CDC. Measles—horn of Africa, 2010–2011. Accessed 24 Sept. 2018.
Poletti P, Parlamento S, Fayyisaa T, Feyyiss R, Lusiani M, Tsegaye A, Segafredo G, Putoto G, Manenti F, Merler S. The hidden burden of measles in Ethiopia: how distance to hospital shapes the disease mortality rate. BMC Med. 2018;16:177. https://doi.org/10.1186/s12916-018-1171-y.
Griffiths UK, Mounier-Jack S, Oliveira-Cruz V, Balabanova D, Hanvoravongchai P, Ongolo P. How can measles eradication strengthen health care systems? J Infect Dis. 2011;204:S78–81. https://doi.org/10.1093/infdis/jir090.
Castillo-Solorzano C, Marsigli C, Danovaro-Holliday MC, RuizMatus C, Tambini G, Andrus JK. Measles and rubella elimination initiatives in the Americas: lessons learned and best practices. J Infect Dis. 2011;204:279–83. https://doi.org/10.1093/infdis/jir216.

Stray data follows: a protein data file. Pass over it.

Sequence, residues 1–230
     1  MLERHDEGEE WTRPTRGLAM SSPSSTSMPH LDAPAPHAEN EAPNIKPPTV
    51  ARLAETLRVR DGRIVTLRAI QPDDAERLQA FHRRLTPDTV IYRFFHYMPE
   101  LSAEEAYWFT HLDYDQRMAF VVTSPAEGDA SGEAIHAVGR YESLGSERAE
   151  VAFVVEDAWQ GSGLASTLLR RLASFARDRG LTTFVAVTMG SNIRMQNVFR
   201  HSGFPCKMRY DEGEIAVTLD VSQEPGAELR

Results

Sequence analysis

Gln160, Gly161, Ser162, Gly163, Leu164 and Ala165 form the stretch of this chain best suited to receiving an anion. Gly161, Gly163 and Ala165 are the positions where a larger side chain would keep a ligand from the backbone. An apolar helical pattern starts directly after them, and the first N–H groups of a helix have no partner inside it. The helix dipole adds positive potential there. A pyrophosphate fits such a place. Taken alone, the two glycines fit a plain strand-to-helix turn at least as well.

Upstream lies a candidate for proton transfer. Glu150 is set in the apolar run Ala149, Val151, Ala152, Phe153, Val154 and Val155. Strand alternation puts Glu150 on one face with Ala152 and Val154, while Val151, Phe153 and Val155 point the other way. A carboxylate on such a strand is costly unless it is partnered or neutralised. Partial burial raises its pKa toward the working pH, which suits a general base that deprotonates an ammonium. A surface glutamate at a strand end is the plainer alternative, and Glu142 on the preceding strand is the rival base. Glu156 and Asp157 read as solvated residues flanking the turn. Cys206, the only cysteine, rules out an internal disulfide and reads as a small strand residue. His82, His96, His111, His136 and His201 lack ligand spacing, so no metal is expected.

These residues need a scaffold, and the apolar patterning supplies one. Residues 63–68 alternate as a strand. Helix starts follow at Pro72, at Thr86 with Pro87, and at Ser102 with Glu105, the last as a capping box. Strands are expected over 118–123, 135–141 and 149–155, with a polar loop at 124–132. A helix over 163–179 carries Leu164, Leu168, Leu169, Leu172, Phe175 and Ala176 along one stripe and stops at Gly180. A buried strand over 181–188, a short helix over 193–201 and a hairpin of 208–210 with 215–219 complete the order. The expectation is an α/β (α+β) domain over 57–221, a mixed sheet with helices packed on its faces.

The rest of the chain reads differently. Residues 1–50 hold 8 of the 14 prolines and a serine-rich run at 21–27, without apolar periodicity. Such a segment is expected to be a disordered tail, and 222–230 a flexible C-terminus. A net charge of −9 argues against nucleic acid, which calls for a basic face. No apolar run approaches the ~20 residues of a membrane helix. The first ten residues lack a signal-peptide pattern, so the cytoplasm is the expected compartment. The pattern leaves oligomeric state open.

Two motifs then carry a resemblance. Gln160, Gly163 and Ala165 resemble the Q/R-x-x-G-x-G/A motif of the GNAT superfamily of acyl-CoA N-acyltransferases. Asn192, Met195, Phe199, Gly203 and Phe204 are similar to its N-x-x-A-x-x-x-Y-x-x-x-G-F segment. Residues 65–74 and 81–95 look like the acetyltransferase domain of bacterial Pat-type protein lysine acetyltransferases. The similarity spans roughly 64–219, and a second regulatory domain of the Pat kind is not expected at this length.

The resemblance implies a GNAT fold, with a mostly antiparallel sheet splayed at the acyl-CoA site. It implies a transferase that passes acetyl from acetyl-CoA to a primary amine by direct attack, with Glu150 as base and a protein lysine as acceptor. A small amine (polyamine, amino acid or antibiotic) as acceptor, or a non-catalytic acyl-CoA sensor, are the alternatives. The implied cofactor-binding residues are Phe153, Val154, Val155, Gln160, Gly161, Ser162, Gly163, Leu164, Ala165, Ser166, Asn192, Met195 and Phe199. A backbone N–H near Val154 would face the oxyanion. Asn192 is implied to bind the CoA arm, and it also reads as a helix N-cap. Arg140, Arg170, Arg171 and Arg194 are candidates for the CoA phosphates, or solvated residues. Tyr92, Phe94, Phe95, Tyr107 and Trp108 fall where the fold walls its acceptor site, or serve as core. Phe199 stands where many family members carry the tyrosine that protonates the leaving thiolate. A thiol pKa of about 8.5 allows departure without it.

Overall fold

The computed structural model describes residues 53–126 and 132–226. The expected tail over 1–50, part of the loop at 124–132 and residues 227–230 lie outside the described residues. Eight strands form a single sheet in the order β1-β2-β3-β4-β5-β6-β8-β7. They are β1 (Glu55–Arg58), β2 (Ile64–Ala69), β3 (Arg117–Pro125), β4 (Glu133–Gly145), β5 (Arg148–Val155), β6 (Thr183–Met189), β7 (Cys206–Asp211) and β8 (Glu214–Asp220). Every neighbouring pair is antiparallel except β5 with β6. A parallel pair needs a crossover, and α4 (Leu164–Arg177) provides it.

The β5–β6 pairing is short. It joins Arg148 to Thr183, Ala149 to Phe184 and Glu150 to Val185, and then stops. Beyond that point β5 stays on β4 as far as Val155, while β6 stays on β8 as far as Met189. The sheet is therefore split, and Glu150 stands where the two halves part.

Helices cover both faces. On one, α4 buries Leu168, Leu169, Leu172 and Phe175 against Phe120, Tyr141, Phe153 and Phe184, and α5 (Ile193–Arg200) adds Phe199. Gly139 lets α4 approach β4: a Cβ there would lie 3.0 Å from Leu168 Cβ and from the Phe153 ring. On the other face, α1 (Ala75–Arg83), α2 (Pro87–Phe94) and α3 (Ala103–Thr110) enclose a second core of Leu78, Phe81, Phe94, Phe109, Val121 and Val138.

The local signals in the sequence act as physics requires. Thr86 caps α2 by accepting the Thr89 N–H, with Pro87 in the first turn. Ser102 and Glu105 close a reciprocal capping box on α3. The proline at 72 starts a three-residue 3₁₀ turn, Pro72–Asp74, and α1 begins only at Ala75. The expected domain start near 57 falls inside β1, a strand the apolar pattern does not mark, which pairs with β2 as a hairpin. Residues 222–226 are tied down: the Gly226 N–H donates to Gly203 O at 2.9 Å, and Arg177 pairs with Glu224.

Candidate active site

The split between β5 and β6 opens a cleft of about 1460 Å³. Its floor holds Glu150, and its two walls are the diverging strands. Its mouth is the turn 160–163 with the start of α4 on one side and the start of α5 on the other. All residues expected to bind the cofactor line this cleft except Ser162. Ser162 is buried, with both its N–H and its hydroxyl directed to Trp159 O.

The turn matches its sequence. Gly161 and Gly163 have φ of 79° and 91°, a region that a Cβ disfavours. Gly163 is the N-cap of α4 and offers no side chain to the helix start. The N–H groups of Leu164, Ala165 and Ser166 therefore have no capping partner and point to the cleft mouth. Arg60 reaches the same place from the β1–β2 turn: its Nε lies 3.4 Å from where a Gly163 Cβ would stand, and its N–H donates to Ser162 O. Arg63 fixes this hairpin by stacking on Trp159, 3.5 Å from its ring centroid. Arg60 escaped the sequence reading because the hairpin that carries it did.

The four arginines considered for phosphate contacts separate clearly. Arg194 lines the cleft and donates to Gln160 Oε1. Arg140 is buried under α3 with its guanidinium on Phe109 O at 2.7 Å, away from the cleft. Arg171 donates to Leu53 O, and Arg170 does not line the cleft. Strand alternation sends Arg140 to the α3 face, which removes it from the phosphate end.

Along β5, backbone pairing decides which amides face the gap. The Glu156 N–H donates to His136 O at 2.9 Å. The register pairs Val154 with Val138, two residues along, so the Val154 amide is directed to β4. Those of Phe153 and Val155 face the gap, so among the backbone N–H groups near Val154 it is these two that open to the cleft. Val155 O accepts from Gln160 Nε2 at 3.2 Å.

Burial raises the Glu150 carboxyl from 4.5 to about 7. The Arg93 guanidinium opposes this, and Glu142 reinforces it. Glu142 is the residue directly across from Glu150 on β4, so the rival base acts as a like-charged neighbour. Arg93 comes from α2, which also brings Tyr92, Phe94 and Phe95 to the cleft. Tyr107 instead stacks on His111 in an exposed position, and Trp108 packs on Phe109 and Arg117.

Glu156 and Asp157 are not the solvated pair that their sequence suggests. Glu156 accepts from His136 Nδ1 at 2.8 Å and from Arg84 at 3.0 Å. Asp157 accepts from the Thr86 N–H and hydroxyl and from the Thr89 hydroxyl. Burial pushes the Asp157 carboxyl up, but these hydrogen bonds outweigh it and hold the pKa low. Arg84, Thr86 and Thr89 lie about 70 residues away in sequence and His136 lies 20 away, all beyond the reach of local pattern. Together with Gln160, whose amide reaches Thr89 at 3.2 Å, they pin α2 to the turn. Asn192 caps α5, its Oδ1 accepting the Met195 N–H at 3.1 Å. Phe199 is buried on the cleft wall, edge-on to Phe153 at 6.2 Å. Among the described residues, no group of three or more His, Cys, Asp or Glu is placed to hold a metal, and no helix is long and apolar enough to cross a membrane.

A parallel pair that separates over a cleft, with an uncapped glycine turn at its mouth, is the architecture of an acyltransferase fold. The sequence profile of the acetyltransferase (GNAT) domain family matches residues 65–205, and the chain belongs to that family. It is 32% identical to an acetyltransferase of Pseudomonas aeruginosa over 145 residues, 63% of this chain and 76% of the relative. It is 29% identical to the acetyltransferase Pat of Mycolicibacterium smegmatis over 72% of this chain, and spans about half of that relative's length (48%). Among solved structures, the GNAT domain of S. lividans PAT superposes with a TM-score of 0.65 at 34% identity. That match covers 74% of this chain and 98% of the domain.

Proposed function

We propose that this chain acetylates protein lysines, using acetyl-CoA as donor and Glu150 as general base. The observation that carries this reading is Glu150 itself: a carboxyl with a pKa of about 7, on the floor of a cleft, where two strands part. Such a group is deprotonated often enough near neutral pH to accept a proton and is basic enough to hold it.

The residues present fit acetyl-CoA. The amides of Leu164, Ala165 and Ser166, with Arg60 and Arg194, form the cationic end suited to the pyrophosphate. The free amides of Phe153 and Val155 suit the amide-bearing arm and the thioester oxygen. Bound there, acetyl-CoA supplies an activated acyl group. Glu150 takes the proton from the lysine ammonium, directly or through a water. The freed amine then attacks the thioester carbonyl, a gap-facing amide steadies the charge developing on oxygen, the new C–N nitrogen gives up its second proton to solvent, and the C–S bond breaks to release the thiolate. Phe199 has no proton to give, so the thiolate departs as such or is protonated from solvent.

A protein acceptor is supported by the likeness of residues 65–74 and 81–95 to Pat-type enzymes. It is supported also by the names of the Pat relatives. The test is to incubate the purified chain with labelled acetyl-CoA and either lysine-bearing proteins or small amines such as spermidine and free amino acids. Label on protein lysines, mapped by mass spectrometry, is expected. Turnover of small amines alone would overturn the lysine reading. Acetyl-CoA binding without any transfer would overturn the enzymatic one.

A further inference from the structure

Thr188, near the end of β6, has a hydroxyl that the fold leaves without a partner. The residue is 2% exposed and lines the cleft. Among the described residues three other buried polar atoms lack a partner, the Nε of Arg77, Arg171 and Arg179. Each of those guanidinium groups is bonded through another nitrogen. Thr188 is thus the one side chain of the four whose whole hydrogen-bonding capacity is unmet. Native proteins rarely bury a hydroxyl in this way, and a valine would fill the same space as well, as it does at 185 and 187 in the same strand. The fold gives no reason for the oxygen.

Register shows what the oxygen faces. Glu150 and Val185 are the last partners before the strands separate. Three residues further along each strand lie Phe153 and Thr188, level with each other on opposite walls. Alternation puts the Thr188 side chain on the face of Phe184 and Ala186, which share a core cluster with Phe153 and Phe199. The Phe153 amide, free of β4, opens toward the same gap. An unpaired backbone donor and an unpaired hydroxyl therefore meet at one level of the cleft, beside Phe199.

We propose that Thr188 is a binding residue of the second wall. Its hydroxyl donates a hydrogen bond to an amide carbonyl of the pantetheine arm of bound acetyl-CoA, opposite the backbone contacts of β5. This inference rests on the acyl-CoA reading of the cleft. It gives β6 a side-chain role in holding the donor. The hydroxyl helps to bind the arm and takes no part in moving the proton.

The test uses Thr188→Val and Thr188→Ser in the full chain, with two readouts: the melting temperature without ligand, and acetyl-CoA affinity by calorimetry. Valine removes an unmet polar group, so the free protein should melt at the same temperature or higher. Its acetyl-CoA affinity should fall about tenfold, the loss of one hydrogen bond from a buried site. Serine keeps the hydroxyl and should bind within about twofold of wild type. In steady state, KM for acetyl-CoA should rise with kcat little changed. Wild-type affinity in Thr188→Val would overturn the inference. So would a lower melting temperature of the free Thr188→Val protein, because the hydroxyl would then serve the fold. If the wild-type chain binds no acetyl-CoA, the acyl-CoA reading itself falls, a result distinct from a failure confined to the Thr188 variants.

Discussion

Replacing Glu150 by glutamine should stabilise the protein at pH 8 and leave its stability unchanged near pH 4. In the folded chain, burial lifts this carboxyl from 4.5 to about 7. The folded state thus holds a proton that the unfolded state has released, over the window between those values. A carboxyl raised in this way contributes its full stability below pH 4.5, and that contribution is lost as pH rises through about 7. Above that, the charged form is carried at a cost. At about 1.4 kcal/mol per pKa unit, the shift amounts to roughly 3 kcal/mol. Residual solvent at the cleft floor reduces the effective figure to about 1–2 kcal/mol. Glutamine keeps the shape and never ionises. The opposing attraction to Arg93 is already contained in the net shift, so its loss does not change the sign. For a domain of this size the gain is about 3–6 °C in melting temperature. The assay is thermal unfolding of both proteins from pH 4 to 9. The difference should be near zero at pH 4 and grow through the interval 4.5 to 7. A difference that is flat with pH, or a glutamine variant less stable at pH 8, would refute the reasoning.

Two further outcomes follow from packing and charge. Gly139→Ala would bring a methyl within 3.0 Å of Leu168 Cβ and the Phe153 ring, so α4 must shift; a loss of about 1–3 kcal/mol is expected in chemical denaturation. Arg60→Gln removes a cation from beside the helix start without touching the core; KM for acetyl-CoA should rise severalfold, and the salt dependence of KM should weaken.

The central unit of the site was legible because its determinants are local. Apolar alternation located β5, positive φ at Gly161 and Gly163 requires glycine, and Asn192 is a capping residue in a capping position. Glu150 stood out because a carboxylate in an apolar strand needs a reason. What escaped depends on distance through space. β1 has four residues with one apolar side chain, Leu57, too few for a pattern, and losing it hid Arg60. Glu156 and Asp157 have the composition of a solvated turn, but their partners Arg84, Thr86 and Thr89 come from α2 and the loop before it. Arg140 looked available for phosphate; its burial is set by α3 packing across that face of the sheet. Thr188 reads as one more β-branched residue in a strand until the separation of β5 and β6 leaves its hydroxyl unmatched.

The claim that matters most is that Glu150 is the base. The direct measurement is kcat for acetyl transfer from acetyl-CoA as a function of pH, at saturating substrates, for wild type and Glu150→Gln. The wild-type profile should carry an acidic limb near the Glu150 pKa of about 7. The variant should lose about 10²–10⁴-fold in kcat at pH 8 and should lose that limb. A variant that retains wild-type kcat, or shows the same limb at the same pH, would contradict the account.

Duru CO, Peterside O, Adeyemi OO. A 5-year review of childhood measles at the Niger Delta University Teaching Hospital, Bayelsa state, Nigeria. J Med Med Sci. 2014;5(4):78–86. https://doi.org/10.14303/jmms.2014.045.
Wagner AL, Boulton ML, Gillespie BW, Zhang Y, Ding Y, Carlson BF, Luo X, Montgomery JP, Wang X. Risk factors for measles among adults in Tianjin, China: who should be controls in a case-control study? PLoS ONE. 2017. https://doi.org/10.1371/journal.pone.0185465.
We would like to acknowledge Bahir Dar University, College of Medicine Health Sciences and Department of Epidemiology and Biostatistics.
Our sincere and deepest gratitude would go to Ethiopian Public health Institute, Oromia Zone Health department and Artuma Fursi Woreda health office. We would also like to extend our thanks to data collectors, supervisors and study participants.